Where the social housing sector has been different to other parts of the property sector has been in its ability to deliver programmatic improvements to stock – this has been seen in the historic decent homes programme and more recently in the response to removing and replacing cladding of the type used in the Grenfell fire. This is in part due to the very long-term nature of the interest in that stock from traditional social housing providers and the regulatory requirements to manage finances (including investments in buildings to ensure standards are maintained) over the long term. At the macro-level we do think the question on quality of homes for the social housing sector is intimately linked to long term financial planning for long term cycles of investment.
At L&Q we have recently announced our plans to invest £1.9 million over seven years in the quality and safety of existing stock. This is in no way intended to be a triumphalist statement and is more a statement of our priorities for our long-term financial planning and service delivery. L&Q is in the relatively fortunate position to be able to reprioritise its resources in this manner, but this has come with trade-offs in terms of investment in new supply. Many of the costs of achieving carbon neutrality are as yet not quantifiable and, whilst our planned investment does take account of some environmental upgrades we would expect to have to plan for ongoing (potentially significant spend) on these matters beyond the end of the current seven-year investment cycle. As set out above, it is in taking this long-term view on financial sustainability and investment where the current regulatory regime adds significant value – requiring registered providers to always think in these terms.
With regards to the specific questions about updating the Decent Homes Standard and climate change mitigation we have responded to a range of consultations on these matters. Our overall perspective is that the Decent Homes standard is now around 20 years old and it is right that it should be updated to reflect learnings from implementing the standard and modern expectations. In respect of environmental matters, we have previously argued that it would be better if thought were given to making sure regulations and associated resources that are made available to fund and incentivise upgrades are unified to avoid piecemeal and unstrategic approaches to improving the sustainability of homes.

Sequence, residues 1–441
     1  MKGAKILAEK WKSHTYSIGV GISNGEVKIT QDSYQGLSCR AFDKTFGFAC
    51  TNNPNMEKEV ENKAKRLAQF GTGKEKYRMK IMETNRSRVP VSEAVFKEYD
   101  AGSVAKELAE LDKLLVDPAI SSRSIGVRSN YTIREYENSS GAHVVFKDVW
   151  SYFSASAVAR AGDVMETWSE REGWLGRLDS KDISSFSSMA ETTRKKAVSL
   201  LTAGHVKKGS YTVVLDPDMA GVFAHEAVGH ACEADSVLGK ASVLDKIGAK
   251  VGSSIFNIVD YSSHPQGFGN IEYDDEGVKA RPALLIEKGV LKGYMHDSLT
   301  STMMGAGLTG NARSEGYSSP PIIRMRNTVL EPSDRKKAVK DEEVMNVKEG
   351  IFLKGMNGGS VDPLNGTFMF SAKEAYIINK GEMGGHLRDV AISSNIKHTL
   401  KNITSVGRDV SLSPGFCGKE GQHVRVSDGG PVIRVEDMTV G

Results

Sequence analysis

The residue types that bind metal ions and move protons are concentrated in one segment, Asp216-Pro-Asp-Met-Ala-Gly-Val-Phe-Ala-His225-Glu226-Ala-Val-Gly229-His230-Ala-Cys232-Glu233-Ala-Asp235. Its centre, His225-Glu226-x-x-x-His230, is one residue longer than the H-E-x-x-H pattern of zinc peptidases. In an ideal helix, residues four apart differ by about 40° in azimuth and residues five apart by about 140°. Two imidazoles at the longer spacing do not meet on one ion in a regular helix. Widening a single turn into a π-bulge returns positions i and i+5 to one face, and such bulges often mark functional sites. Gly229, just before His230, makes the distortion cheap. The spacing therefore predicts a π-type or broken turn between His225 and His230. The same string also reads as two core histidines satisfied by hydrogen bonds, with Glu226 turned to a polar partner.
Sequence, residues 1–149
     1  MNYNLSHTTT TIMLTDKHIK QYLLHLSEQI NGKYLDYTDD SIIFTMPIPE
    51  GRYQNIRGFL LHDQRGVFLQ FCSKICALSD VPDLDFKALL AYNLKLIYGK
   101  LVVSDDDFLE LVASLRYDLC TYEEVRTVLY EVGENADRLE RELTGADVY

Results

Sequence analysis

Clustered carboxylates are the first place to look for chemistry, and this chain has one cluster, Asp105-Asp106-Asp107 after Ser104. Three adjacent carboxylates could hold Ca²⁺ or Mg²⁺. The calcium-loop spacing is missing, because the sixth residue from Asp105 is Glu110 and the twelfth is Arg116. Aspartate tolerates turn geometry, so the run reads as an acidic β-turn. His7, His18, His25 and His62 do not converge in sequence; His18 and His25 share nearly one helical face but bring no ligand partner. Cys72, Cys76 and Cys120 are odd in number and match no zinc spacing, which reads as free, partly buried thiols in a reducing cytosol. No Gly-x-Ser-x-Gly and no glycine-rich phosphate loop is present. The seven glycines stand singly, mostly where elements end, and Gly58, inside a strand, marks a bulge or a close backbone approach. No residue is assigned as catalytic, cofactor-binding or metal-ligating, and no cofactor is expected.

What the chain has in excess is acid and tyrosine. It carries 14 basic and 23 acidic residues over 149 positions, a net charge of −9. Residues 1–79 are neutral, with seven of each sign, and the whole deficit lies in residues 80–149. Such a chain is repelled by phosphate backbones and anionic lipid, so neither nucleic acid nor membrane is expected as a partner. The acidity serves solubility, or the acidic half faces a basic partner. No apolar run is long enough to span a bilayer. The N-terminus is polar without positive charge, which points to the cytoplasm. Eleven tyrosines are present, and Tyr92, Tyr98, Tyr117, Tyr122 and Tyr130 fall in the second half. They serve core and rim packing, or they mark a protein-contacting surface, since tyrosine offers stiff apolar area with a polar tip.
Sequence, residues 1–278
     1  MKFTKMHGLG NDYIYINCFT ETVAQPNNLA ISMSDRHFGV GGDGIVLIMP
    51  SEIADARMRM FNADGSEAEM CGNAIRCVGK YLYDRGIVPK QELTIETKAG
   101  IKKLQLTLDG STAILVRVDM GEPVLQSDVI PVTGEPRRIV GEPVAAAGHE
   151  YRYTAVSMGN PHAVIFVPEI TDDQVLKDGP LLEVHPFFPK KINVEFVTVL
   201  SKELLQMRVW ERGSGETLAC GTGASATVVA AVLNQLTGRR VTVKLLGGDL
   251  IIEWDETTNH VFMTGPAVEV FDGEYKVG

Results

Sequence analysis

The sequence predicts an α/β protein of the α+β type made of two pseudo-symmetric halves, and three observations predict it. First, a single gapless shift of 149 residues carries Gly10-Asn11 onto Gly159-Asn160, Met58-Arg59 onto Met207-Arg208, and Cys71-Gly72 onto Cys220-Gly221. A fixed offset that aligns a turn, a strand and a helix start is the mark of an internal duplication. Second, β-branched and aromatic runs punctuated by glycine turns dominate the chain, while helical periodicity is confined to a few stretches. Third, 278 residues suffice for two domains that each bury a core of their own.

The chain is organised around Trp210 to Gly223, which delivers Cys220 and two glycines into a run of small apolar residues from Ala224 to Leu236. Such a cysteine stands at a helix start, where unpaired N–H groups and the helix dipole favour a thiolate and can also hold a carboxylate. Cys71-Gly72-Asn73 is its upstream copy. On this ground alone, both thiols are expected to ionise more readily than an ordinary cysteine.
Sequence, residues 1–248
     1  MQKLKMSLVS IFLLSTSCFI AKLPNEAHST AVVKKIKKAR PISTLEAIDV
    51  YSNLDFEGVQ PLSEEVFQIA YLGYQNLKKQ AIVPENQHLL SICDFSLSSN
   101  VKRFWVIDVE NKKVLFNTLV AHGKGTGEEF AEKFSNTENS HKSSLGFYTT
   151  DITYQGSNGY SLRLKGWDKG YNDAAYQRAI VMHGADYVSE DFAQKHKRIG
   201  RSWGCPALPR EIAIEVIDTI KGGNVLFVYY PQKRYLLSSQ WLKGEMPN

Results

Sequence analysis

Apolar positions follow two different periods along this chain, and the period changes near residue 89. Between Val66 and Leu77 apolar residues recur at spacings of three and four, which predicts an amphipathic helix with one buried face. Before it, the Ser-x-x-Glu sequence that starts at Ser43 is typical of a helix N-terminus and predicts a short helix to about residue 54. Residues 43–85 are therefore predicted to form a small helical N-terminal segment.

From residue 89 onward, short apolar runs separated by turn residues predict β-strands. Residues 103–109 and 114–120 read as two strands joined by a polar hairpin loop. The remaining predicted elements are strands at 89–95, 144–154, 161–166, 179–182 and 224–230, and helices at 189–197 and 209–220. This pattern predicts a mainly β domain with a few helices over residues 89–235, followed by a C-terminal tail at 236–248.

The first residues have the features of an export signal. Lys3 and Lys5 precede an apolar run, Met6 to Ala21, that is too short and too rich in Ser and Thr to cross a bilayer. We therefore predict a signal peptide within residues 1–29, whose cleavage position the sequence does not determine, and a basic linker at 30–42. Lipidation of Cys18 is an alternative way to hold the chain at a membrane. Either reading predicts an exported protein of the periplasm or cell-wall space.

In respect of the role of the regulator on these matters we would not expect them to become experts in all the details of building quality and building performance but we do see them continuing to have a role in evaluating how seriously and effectively social housing providers are grappling with these challenges, assuring themselves of compliance and planning for the future by review of organisational strategies, financial planning and Board oversight.
Regulation of Social Housing
Call for evidence questions
Is the current regime for regulating social housing fit for purpose?
How clearly defined are the roles of the Regulator of Social Housing and the Housing Ombudsman?
Does the current regime allow tenants to effectively resolve issues?
Do the regulator and ombudsman have sufficient powers to take action against providers?
Will the reforms proposed in the social housing White Paper improve the regime and what progress has been made on implementing those reforms?
Should all providers of social housing, not just councils, be required to register with the regulator?
What challenges does the diversification of social housing providers pose for the regulatory system?
In our view we broadly believe that the regime for regulating social housing is fit for purpose in that is focussed on ensuring that social housing is available for those that need it for the long term. From our perspective we experience the regulator taking a robust and challenging yet proportionate approach to its role. It is notable that in recent years the regulator has increased its sophistication in working with regulatory data for ongoing monitoring purposes and periodic “In Depth Assessments” are a rigorous qualitative tool. From our experience we have confidence that the regulator understands the social housing sector and acts independently with skill and expert judgment.